By Aasif Sultan
Abdul Hamid Bhat, 52, a Kashmiri businessman-cum-environmental activist, has travelled to different parts of the world to spread his ideas about a greener world. Aasif Sultan spoke to this school dropout about his mission.
Your brief introduction.
I was born and brought up in Batamaloo area of Srinagar. I failed in my Class 10 examination and then went straight to a mechanic shop in Numashi (Kashmir Haat) to make a living. That was the beginning. Later, I started my own mechanic shop in Hyderpora. Thus started my business journey in 1995.
How did the idea of ‘Mission Green Kashmir’ come to you?
As a part of our advertising campaign, my firm, Rahim Motors, used to print yearly diaries and calendars and distributed them among the people. Then one day an idea struck my mind. Instead of giving calendars and diaries, why should not I give plant saplings to people, I thought. With this the idea of ‘Mission Green Kashmir’ got germinated and we started giving saplings to the people to make Kashmir a greener place. This small endeavour was well taken by one and all.
The idea gathered momentum, and since 2008, we have undertaken plantation drives in various parts of the Valley. We have planted trees in masjids, mandirs, gurdwaras. We adopted a Budgam village, Satheran, and afforested its area. In Lala Ded maternity hospital, we distributed hybrid pomegranate trees among the patients and asked them to plant it as remembrance of the new-born.
In Khan Sahib, Budgam, we distributed walnut trees among the villagers so that it will become a source of income for them in the coming years.
You have been invited to dozens of international events. How were you received?
I am a member of International Association for Voluntary Effort, which works closely with the United Nations Volunteers. In 2017, a US-based university selected me for a fellowship program at the Bartos Institute for the Constructive Engagement of Conflict. During the trip, I also attended the Harvard Social Enterprise Conference. The organisers were very impressed by my unique concept of Common Man’s Social Responsibility. I had the chance to meet many volunteers from different parts of the world and share my experience and hear their experience. It was very rewarding. In March this year, I was invited to a conference in Germany which was organised by the UN.
Why not launch an environmental NGO?
Starting an NGO is not the answer for our woes, though I know a number of NGOs in the Valley like Athrout and Help Poor which are doing an excellent job. I always share my expertise with them. My idea is that every individual must get sensitised to play his/her part towards a greener environment and a better world.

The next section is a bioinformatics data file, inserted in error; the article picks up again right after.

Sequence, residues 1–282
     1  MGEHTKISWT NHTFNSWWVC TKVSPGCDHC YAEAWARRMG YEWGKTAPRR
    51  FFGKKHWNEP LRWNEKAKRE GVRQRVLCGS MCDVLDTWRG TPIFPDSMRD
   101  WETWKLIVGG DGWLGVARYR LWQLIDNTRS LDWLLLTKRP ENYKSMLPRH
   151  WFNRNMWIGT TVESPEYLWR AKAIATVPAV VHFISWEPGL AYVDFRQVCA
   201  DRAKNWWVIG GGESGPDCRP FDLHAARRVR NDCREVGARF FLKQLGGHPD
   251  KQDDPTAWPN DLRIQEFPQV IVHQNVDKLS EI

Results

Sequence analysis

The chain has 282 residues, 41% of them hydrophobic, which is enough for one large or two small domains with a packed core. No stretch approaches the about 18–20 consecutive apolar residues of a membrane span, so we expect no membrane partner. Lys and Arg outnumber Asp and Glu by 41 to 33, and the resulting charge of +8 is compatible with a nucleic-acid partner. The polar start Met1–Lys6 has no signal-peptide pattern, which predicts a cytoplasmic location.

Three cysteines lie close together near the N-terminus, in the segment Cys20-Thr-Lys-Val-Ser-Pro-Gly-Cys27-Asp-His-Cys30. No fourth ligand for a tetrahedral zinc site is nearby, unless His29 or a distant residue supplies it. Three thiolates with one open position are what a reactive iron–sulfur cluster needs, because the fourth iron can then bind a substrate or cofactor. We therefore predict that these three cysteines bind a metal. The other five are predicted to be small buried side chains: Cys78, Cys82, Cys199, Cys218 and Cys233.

There are a number of NGOs, and mine will be another drop to the ocean. Idea has to be powerful and it hardly matters whether you work as an individual or an organisation.
Give us some statistics about your plantation drive.
We have planted around 150,000 plants which included conifers, chinars, walnuts, pine, deodar and Budur. It has two-fold benefit: helps the environment, and generates revenue for the State.
What is ‘Rahim Green’?
It is in the memory of my father, Abdul Rahim Bhat. Every son wants to make people remember his parents with a good mention. That is why the name ‘Rahim Green’. Besides, my father would always emphasise on planting more and more trees. We owned a good chunk of land in the outskirts of Srinagar which was full of trees and greenery.
Are you busy with any other form of activism beside environment?
Yes, I have a free ambulance service for needy patients. I also provide them oxygen concentrators.
Do you like to be addressed as a businessman or an activist?
Primarily, I am a businessman. But, as a responsible citizen, I am an activist. It is by virtue of my business that I became an activist. Since I do not take a penny in donation for my activism, business remains my top priority. At the same time, my business can only flourish when my environment is in good shape.
How do you strike a balance between the two?
Experience teaches you to strike the balance.
Did you ever find a conflict of interest between an activist and a businessman in you?
The question would have arisen only if I took donations from people for my activism. I do not. And I intend to not raise funds in the future. I want to remain what I am. Nothing less, nothing more.
Any message to our young generation?
I advise my children to become job givers rather than job seekers. This way we shall become a self-sustaining society.
This brief interview appeared in Kashmir Narrator’s April issue. To subscribe to Narrator’s print edition, please mail here: [email protected]